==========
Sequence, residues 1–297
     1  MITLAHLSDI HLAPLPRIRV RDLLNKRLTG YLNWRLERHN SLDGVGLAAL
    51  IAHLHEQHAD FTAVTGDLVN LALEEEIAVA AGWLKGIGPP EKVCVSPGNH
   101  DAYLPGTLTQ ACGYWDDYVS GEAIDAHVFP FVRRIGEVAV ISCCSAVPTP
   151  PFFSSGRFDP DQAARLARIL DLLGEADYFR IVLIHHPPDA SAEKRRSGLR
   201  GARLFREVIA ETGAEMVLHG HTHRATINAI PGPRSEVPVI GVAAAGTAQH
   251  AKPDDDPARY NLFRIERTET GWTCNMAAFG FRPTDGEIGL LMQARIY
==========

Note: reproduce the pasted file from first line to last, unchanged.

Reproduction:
Sequence, residues 1–297
     1  MITLAHLSDI HLAPLPRIRV RDLLNKRLTG YLNWRLERHN SLDGVGLAAL
    51  IAHLHEQHAD FTAVTGDLVN LALEEEIAVA AGWLKGIGPP EKVCVSPGNH
   101  DAYLPGTLTQ ACGYWDDYVS GEAIDAHVFP FVRRIGEVAV ISCCSAVPTP
   151  PFFSSGRFDP DQAARLARIL DLLGEADYFR IVLIHHPPDA SAEKRRSGLR
   201  GARLFREVIA ETGAEMVLHG HTHRATINAI PGPRSEVPVI GVAAAGTAQH
   251  AKPDDDPARY NLFRIERTET GWTCNMAAFG FRPTDGEIGL LMQARIY